The partisan divide: 84 percent of Republicans, 80 percent of independents and 59 percent of Democrats agree with this. The divide grows greater elsewhere: 89 percent of voters who back Donald Trump believe the media is more interested in creating controversy than covering issues 54 percent of voters who side with Hillary Clinton agree.

FOR THE LEXICON

— A new activist group composed of celebrity chefs who are sharing recipes with the public to demonstrate their support of Hillary Clinton — ironically, a candidate not known for dining in public. Among the chefs: Mario Batali, who contributed a recipe for “Grilled Swordfish alla Messinese,” and Katie Lee, who contributed “Patriotic Penne Pie.”

AND AT THE VINEYARD

Just in case you wondered, here’s the White House pool report detailing President Obama‘s golf game on Wednesday, this from Gardiner Harris, White House correspondent for The New York Times:

The motorcade turned into Vineyard Golf Club, which bills itself as the only organic golf club in the United States. The club sits on 235 ‘preserved’ acres (if it’s a golf course, is it really ‘preserved?’), and is designed as a walking course with caddies. Carts are, presumably, frowned upon. Want to play here? Check the obits pages. There are currently no memberships available, but the club graciously provides a waiting list in case one of its members should experience a fatal accident or, worse, a bad run at the craps table.”

SOME SERIOUS TWITTER

Opponents of the Islamic State in Iraq and Syria are six times greater in number on Twitter than ISIS supporters. But those sympathetic to the group are more active on the social media platform, says a new study from the Rand Corp. Analyzing 23 million tweets posted in Arabic over a 10-month period, researchers found that ISIS supporters produced 50 percent more tweets than opponents on a typical day, although there is evidence that ISIS opponents are stepping up their activity.

The researchers suggest U.S. officials do more to support opponents of ISIS on Twitter, possibly offering some social media training.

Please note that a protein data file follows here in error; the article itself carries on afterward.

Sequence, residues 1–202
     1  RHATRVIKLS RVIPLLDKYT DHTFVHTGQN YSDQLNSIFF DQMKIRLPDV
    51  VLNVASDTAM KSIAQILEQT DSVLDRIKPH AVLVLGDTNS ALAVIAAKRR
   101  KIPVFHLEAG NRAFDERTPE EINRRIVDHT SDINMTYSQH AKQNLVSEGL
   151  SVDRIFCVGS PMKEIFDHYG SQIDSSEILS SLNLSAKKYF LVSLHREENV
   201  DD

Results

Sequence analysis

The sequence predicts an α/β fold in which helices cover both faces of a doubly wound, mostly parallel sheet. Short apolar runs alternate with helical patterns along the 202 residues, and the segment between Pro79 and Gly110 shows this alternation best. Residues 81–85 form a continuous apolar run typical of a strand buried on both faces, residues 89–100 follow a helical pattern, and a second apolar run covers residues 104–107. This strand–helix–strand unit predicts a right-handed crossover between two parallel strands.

“Organizations such as the U.S. military and the State Department looking to counter-message ISIS on Twitter should tailor messages and target them to specific communities,” says lead author Elizabeth Bodine-Baron. “The ISIS Twitter universe is highly fragmented and consists of several different communities with different concerns, so messages need to be aimed at specific audiences, rather than trying to craft a one-size-fits-all message.”

POLL DU JOUR

69 percent of registered Latino voters say the current U.S. immigration system is “mostly broken.”

60 percent describe themselves as Democrats, 21 percent as Republicans, 16 percent as independents.

53 percent say the term “illegal immigrant” is an accurate description.

41 percent say the term is offensive.

38 percent say the immigration system is not strict enough.

30 percent say it’s “about right” 26 percent say it’s too strict.


Stephen Bannon, Donald Trump's campaign chief, poised for battle

As the new playcaller behind Donald Trump‘s presidential campaign, Stephen K. Bannon has drawn instant, nervous news coverage — already deemed a “street fighter” by CNN, a “right wing Rottweiler” by Vice, a “rogue and provocateur” by Politico, and “Trump’s latest Svengali” by Mother Jones.

Perhaps journalists are uneasy because Mr. Bannon is a media guy himself. He is a radio host, an independent filmmaker, and as Breitbart News chairman has steered that bustling group with insight and purpose. Mr. Bannon plans to return to his editorial kingdom “on the evening of Nov. 8,” according to the organization itself, which officially calls Mr. Bannon “a huge piece of manpower.”

He’s got history in the political arena and knows the landscape. Consider “The Undefeated,” Mr. Bannon’s 2011 feature-length documentary film chronicling Sarah Palin‘s political career at a time when she was besieged by an unfriendly press and Hollywood mockery. Against industry odds, Mr. Bannon made sure the film got national distribution and selective screenings before important conservative and grass-roots audiences he knew what was at stake.